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UBC Theses and Dissertations

Examining lower leg biomechanics during toe-in and toe-out walking in people with medial compartment knee osteoarthritis Charlton, Jesse M.

Abstract

Introduction: Knee osteoarthritis is a common and painful disease, and is one of the leading causes of disability in Canada. It is thought that one of the primary causes of disease progression is excessive knee joint loading. Thus, conservative treatments have aimed to reduce knee joint load, predominantly targeting the knee adduction moment – a valid proxy of tibial joint load distribution. Toe-in and toe-out walking are two such strategies which have proven effective in the short term at reducing the knee adduction moment, but still require longer-term assessment and a more thorough understanding of the ancillary effects at joints other than the knee prior to clinical implementation. The ankle joint in particular may be subjected to altered biomechanics during toe-in and toe-out walking. Purpose: The purpose of this thesis was to examine ankle biomechanics during toe-in and toe-out foot rotations in those with medial compartment knee osteoarthritis. Methods: Fifteen individuals with medial compartment knee osteoarthritis were recruited. In a single session, participants were instructed to walk in four conditions guided by real-time biofeedback of performance: 1) toe-in (+10°), 2) neutral (0°), 3) toe-out (-10°) and 4) toe-out (-20°). Ankle kinematics, kinetics and muscle activity were examined during over-ground walking. Results: Toe-out walking exhibited an increase (p=0.011) in peak ankle eversion compared to toe-in walking, while toe-in walking exhibited an increase in ankle inversion at heel strike (p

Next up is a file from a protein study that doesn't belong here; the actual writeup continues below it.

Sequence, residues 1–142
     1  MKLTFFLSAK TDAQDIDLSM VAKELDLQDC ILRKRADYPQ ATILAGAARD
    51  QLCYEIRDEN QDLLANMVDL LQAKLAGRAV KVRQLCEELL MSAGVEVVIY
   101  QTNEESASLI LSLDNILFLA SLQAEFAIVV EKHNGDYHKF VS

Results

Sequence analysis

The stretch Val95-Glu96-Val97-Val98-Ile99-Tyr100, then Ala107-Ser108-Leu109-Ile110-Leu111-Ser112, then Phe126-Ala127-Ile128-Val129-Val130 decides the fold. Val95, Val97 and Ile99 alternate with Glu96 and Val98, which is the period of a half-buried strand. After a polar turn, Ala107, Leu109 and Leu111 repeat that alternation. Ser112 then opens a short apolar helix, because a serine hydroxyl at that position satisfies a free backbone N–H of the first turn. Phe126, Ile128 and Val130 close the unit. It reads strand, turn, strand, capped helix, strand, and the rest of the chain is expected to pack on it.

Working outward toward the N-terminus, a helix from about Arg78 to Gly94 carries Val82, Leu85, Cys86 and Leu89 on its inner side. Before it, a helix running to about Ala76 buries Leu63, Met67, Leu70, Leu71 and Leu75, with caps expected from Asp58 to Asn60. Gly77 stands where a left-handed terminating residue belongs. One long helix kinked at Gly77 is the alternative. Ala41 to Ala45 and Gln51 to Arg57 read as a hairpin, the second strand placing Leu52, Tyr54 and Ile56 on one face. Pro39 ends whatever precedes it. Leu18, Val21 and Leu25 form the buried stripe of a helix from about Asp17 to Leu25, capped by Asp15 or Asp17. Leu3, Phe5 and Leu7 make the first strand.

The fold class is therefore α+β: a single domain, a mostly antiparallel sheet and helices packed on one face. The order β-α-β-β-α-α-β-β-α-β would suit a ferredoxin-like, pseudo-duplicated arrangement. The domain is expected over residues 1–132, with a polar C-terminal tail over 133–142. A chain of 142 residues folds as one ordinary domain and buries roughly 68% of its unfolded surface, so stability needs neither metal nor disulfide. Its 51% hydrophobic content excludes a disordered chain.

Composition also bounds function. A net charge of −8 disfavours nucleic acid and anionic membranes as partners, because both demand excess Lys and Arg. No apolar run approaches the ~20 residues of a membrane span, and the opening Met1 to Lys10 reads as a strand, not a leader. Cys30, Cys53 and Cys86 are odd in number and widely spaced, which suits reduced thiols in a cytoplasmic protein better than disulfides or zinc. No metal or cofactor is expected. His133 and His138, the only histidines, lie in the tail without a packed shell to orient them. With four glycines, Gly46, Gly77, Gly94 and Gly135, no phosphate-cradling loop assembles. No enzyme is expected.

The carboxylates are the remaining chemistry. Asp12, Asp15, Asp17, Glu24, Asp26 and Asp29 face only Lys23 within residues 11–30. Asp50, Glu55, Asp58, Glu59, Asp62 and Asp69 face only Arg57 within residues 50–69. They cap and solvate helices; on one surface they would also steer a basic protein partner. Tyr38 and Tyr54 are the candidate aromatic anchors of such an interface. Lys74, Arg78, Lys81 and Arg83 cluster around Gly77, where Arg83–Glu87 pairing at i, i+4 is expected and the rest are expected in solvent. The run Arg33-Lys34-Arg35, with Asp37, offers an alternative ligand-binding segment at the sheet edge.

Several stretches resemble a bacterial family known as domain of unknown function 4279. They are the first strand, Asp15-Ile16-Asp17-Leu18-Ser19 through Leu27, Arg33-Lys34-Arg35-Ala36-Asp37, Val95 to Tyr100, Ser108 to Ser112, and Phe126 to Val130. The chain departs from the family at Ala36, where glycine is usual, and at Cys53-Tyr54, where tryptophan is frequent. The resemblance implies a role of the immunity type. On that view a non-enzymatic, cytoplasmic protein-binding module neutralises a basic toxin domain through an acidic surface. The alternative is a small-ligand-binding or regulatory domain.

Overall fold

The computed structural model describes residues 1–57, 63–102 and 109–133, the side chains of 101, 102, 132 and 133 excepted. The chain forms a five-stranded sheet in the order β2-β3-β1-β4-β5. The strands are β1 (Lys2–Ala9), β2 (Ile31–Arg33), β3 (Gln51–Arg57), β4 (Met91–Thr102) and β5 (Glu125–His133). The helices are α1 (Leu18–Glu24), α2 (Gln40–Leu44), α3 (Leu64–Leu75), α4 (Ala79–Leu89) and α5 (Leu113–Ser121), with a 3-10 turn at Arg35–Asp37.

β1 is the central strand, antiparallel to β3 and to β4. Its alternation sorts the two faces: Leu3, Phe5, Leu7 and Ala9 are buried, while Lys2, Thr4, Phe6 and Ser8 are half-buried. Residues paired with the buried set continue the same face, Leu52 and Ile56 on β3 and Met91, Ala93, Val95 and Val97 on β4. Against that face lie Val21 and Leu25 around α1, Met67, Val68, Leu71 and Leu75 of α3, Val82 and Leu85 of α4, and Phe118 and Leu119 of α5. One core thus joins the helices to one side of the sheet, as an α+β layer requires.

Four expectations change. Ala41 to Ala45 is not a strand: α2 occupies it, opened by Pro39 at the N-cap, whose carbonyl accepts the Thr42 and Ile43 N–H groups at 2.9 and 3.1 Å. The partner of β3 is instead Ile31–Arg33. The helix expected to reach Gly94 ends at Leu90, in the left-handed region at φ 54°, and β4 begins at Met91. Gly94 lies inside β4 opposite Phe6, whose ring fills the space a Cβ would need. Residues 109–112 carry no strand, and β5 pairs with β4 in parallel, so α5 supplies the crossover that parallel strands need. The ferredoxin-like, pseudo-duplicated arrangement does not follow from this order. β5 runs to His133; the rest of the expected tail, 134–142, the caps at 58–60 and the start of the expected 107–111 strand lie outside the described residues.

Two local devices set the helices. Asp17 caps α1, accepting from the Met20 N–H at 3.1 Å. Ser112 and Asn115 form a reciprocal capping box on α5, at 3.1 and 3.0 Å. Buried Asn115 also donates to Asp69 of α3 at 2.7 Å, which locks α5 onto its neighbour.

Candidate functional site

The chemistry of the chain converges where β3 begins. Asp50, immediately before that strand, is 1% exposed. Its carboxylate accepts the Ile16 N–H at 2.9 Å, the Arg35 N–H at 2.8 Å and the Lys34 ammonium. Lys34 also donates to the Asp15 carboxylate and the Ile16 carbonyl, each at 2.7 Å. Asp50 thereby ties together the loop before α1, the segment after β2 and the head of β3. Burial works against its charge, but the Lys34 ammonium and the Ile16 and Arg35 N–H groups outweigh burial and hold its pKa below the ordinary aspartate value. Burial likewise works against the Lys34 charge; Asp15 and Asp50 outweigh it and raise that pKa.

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Attribution-NonCommercial-NoDerivatives 4.0 International